Onosmodium Virginianum. Gravel-Weed, Wild Job's Tears, False Gromwell.

Botanical name: 

Description: Natural Order, Boraginaceae. This is the Lithospermum Virginicum of Linnaeus. This genus is made up of perennial herbs, coarse and bristly. Stems one to two feet high, slender. Calyx five-parted, the divisions linear and erect. Corolla tubular, three lines long, yellowish-white, of fine acute and somewhat awl-shaped lobes, naked in the throat, lobes bearded with long bristles on the outside. Stamens five, all included, with very short filaments; anthers arrow-shaped, in the throat of the corolla. Flowers in terminal and leafy racemes. Leaves one to two inches long, narrow, tapering at the base, sessile, strongly veined. Fruit a smooth, shining, grayish, ovoid nutlet, (achenia,) small. Common on banks and hill-sides. June to August.

Properties and Uses: The root of this plant is demulcent, tough, and sweetish; brownish without, yellowish-white within, and flexible when dried. An infusion or decoction acts quite decidedly upon the kidneys, proving relaxant and mildly tonic, promoting a free flow of water, and relieving sub-acute and chronic irritation of the kidneys and bladder. The people in some sections ascribe to it almost miraculous powers in the treatment of gravel and dropsy. Of its soothing and moderately strengthening influence on the renal apparatus, I am well satisfied; but its solvent properties on the stone may well be doubted, though it will usually give relief to the irritation of the bladder in such cases. A too free use of the decoction is liable to exhaust the kidneys.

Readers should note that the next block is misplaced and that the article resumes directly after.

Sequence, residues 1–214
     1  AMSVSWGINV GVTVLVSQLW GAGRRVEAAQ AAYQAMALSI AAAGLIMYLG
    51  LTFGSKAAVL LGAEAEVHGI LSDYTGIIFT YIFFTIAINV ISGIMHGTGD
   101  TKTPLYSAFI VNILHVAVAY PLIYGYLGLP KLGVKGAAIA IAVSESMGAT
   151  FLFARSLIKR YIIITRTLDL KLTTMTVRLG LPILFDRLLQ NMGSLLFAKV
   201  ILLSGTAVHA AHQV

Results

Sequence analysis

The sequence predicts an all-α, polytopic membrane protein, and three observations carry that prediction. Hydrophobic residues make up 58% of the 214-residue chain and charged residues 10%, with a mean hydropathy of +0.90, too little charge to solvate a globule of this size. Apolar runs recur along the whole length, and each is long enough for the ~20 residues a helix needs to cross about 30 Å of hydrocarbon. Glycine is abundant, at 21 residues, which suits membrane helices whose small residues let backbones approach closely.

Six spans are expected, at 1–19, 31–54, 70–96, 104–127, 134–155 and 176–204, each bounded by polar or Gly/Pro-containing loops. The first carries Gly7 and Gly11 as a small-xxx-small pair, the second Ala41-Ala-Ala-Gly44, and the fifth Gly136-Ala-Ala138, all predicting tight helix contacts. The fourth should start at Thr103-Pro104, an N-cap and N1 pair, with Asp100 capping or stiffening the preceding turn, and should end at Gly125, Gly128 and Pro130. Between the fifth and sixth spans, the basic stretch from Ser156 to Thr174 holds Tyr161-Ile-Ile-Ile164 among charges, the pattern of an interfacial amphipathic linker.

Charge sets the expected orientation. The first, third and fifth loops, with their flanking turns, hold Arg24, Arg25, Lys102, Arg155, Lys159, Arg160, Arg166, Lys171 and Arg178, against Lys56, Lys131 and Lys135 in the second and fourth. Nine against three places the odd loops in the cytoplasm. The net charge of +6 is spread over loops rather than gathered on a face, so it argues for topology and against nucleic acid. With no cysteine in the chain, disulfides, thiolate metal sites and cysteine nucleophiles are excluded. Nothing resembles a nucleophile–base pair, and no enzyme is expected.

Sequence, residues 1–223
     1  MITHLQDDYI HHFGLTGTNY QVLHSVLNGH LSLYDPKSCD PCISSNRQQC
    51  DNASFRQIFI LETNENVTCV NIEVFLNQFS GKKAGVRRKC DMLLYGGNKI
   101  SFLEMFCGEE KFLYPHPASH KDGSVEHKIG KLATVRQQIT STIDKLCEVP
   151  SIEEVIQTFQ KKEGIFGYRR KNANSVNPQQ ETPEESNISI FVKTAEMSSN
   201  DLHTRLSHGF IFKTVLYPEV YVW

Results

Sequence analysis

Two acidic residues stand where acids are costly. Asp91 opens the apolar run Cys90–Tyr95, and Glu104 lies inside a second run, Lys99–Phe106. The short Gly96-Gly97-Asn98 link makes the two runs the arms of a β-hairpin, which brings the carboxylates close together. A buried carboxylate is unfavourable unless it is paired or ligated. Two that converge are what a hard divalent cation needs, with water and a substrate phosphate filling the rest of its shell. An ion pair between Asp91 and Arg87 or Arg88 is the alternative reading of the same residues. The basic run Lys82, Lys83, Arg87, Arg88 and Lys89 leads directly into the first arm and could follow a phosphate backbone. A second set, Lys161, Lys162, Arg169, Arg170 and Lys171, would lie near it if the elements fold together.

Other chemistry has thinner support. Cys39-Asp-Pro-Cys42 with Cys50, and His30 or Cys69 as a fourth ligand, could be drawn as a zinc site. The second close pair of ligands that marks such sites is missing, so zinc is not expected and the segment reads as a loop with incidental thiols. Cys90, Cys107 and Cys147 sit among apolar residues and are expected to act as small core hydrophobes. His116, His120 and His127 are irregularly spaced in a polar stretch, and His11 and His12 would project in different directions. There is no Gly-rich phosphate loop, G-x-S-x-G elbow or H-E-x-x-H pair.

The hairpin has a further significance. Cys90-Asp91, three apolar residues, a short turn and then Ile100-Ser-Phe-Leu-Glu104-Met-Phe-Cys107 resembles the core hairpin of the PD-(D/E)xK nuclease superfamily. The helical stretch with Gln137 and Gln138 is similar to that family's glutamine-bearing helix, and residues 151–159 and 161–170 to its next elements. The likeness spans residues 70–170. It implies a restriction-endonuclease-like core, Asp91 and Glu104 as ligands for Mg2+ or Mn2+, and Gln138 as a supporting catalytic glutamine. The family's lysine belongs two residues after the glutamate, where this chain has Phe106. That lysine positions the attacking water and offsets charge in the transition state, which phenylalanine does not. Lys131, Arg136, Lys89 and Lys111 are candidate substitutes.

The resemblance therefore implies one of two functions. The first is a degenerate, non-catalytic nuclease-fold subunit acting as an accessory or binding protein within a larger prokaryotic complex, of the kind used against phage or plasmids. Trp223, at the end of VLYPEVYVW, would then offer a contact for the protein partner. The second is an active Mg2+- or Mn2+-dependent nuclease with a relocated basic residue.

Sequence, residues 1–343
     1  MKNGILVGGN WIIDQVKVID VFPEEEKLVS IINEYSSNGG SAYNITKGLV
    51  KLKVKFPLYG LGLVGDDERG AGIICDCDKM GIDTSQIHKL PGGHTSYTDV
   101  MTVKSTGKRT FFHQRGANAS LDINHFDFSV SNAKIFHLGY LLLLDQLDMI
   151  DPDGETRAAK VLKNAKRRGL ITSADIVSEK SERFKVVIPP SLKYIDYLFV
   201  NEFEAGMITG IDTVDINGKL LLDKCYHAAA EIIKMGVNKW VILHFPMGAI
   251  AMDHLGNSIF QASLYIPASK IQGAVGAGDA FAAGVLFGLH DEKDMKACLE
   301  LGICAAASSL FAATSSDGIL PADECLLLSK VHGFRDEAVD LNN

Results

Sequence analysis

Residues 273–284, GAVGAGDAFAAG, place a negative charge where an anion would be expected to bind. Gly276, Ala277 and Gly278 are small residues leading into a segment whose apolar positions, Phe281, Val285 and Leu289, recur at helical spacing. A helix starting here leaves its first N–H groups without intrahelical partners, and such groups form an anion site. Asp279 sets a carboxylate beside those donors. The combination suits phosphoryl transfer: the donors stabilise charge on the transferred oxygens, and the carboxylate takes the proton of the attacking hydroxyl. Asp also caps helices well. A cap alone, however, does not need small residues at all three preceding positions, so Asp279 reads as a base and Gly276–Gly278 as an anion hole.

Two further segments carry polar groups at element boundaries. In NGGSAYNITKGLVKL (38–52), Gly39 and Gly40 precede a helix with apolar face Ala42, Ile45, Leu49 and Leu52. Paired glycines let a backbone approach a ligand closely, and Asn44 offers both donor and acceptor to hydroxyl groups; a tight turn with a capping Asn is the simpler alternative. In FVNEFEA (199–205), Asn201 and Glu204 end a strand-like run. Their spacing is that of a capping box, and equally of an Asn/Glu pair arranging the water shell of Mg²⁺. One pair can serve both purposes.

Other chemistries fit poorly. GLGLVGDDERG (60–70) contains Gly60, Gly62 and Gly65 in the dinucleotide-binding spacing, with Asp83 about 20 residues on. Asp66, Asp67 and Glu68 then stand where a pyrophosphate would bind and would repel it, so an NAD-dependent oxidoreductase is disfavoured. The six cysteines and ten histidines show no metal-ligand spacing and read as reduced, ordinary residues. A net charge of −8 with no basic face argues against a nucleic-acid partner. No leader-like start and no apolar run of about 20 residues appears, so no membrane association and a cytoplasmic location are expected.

The Physiomedical Dispensatory, 1869, was written by William Cook, M.D.
It was scanned by Paul Bergner at http://medherb.com